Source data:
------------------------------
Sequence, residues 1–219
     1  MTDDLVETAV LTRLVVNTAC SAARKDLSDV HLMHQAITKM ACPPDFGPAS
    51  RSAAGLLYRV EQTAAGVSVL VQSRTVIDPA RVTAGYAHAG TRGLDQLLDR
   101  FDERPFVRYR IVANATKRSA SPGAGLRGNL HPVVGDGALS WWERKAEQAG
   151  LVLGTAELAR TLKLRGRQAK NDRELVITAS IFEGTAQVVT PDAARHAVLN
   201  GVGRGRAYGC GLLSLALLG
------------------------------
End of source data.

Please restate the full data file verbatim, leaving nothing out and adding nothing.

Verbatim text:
Sequence, residues 1–219
     1  MTDDLVETAV LTRLVVNTAC SAARKDLSDV HLMHQAITKM ACPPDFGPAS
    51  RSAAGLLYRV EQTAAGVSVL VQSRTVIDPA RVTAGYAHAG TRGLDQLLDR
   101  FDERPFVRYR IVANATKRSA SPGAGLRGNL HPVVGDGALS WWERKAEQAG
   151  LVLGTAELAR TLKLRGRQAK NDRELVITAS IFEGTAQVVT PDAARHAVLN
   201  GVGRGRAYGC GLLSLALLG